VOL. 123 | NO. 41 | Thursday, February 28, 2008
Law & The Courts
Boundaries To Unified Family Court Exist, Task Force Finds
By Bill Dries
THE GREAT DIVIDE: The task force studying the idea of a Shelby County Family Court is discovering the distance between the Shelby County Courthouse, left, and the Criminal Justice Center, right, becomes longer when jurisdictional lines are about to be crossed. -- Photo By Bill Dries
Third Street is the boundary between civil and criminal cases even if the same people are involved in both kinds of cases.
The Shelby County Courthouse where civil cases are heard is on the west side of the street. The Criminal Justice Center, at 201 Poplar Ave. on the east side of the street, is where criminal courts are.
The boundary is proving to be a barrier to the idea of a unified family court in Shelby County.
The Shelby County task force whose report on the idea of a unified family court is due at the end of March is discovering that other similar structures aren't one courtroom and one judge where all family issues are channeled.
Nor should they be, according to the story the panel heard last week from General Sessions Criminal Court Judge Ann Pugh.
Too much to handle
Pugh agreed to preside over a domestic violence court starting in May 1997 and soon came to regret it. She volunteered after county government received a $750,000 state grant to start such a court. Some friends and colleagues advised her not to.
"There's a lot of it I've tried to forget," she said as she recounted 12-hour days with no time to eat. "It's more than one person can handle."
Pugh handled all of the county's domestic violence cases, including protective orders and reports a month later from people convicted of domestic violence and referred to treatment programs. That was in addition to her regular caseload.
Pugh lasted for three years. The domestic violence court lasted six in all. Civil court judges helped with the protective orders, but eventually that part of the process led to the establishment of judicial commissioners.
Domestic violence is just one of the areas a hoped-for unified family court would deal with.
"I don't know what they are doing now but I know that they are losing a lot of victims," Pugh said of the follow-through on domestic violence cases.
That follow-through included investigators and coordinators who worked with victims. Like other General Sessions Court judges, Pugh still hears some domestic violence cases and estimated that most are set for trial with 90 percent dismissed before or at trial because a victim changes his or her story.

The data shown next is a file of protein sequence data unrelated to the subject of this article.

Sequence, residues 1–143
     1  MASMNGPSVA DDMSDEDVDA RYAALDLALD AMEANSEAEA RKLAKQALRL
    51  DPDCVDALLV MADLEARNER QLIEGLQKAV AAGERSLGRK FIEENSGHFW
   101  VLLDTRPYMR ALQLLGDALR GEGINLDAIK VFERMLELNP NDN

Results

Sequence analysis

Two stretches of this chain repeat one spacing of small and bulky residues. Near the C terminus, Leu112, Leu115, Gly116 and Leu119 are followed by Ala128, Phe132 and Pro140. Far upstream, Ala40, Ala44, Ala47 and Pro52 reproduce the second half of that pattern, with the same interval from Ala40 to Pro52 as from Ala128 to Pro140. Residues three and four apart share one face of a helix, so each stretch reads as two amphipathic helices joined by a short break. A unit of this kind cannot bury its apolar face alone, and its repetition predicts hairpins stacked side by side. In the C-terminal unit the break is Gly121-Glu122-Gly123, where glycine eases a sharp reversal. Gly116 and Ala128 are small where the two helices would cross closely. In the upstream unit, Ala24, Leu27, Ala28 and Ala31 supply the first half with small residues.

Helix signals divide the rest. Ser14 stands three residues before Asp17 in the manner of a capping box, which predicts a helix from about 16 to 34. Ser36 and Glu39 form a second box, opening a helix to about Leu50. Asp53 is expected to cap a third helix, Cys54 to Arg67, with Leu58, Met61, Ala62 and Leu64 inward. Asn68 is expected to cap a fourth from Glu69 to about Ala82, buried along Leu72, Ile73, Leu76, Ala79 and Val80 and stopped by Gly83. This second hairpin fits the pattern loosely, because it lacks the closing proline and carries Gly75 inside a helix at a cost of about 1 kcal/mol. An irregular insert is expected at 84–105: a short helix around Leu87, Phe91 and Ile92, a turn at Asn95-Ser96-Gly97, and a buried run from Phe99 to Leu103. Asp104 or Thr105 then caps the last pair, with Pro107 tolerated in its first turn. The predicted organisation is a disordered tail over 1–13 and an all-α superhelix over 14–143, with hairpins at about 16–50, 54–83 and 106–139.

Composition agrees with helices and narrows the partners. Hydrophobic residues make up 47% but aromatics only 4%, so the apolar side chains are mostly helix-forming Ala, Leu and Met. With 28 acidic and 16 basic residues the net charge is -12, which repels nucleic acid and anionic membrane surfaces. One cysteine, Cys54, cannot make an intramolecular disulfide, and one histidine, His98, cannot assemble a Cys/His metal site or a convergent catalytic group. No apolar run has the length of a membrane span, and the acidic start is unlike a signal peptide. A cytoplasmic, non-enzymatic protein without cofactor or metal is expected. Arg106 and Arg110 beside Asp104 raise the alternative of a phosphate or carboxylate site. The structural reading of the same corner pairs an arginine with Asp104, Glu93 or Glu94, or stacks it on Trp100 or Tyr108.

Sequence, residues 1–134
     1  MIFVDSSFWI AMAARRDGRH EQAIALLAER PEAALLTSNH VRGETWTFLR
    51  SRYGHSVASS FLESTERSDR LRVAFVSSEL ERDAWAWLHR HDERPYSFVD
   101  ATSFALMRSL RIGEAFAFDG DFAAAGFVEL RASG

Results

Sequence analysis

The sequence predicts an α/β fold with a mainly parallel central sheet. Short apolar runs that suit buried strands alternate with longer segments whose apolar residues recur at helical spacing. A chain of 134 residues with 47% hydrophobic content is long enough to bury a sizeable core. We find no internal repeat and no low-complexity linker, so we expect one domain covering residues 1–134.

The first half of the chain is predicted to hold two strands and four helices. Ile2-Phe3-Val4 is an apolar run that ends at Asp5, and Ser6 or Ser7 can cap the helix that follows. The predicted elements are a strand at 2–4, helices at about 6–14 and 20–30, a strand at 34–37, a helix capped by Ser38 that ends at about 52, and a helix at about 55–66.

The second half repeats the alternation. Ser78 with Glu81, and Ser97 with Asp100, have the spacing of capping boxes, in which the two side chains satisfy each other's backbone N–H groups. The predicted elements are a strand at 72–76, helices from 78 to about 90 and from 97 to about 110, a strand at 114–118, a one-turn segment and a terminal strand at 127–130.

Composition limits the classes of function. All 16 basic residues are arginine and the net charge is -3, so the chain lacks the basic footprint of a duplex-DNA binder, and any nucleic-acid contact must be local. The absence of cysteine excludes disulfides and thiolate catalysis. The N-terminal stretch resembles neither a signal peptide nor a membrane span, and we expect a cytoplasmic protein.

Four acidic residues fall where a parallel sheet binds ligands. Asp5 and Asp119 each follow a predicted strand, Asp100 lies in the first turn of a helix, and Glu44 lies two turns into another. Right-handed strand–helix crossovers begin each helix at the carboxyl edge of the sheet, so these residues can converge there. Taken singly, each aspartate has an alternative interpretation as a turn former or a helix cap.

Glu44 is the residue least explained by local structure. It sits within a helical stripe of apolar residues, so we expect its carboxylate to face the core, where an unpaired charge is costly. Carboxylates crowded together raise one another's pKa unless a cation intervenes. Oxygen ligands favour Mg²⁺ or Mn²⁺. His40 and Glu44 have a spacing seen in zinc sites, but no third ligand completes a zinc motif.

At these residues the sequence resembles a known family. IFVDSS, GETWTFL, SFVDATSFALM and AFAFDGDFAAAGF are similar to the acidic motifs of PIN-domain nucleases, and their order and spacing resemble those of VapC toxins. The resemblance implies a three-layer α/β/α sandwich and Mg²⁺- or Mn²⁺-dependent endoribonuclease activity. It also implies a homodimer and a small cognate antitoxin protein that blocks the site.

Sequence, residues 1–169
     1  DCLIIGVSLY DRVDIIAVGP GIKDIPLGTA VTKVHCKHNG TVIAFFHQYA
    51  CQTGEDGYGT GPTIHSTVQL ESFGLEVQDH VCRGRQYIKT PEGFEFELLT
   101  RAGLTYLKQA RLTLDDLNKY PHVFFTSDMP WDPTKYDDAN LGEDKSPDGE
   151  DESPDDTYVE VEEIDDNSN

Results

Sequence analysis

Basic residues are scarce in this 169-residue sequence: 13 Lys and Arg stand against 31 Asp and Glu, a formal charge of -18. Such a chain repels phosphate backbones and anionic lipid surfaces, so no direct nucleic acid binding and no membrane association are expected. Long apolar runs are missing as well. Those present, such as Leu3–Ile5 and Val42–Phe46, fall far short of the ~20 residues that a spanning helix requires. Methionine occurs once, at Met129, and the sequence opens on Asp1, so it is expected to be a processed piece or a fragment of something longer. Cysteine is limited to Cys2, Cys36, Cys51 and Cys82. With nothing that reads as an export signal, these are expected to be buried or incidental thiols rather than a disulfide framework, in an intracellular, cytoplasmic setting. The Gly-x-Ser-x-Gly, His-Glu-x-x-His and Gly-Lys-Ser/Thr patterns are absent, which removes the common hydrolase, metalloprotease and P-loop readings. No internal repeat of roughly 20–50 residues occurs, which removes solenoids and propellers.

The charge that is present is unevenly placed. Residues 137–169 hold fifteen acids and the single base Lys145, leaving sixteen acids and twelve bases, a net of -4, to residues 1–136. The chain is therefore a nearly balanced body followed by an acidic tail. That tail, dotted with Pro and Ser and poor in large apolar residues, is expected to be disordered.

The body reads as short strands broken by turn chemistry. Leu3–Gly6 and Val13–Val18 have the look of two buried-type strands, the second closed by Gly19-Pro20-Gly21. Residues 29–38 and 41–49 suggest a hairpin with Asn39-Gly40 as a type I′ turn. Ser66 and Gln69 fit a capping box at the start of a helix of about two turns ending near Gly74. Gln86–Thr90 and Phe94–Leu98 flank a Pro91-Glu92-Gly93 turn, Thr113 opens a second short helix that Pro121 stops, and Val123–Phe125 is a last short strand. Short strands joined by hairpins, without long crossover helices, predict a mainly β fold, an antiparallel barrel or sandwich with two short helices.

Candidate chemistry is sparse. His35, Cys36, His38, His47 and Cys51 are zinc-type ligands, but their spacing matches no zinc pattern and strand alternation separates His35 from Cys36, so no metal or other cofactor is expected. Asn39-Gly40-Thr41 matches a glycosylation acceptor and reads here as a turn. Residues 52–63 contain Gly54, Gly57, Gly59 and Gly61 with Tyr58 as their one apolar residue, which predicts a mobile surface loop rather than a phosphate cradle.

"The (domestic violence) unit used to put those people on and let them testify and then question them about which day they were telling the truth," Pugh said. "They're not keeping up with victims - whoever they (are) - prosecutors, victim witness coordinators, somebody."
To Circuit Court Judge Rita Stotts, who is chair of the task force, Pugh's story proves a point she's made repeatedly in recent months.
"Without the cooperation of the judges, we don't get very far fast," she said. "She is the face of somebody who went through a specialized kind of court."
And Pugh was emphatic about the doubts many of her colleagues on the bench have about trying it again.
"I know you are not going to find a judge there now to do it either," she said.
The task force this month decided to pursue a proposal for some kind of unified family court in Shelby County. It's a goal with a few specific features that are still in flux. There is the idea of having three divisions of such a court.
"This may take two or three or four times going back to the legislature to do it. It's going to take time to put all of the pieces in place," said Shelby County Board of Commissioners member Mike Carpenter.
Another possibility, he said, is creating new divisions or judicial positions.
Pugh wondered aloud how this might affect judges in the middle of an eight-year term of elected office. She also said new courts cost money and need courtroom space that is currently not available in the Criminal Justice Center, where those charged with crimes are jailed pending a hearing.
"I don't think you're going to have the sheriff wanting to bring the prisoners handcuffed across the street to the courthouse," Pugh said. "You start with a little idea and it balloons into a really big idea, a lot of far-reaching things."
The group examined the Baltimore Family Division of Circuit Court, a family court that does not deal with criminal cases.
Shelby County Assistant District Attorney Terre Fratesi said the task force might direct its efforts toward something "smaller and more achievable like a family safety center." Such a center would focus on protective orders and other steps designed to try to intervene in immediate issues that continue to surface for troubled families.
Stotts admitted to more uncertainty than other members of the group.
"There's got to be a reason that the judges are all so hesitant to move into this," she said.
"I still don't have a good picture. We've never really gotten into the cons. We've talked a lot about the pros."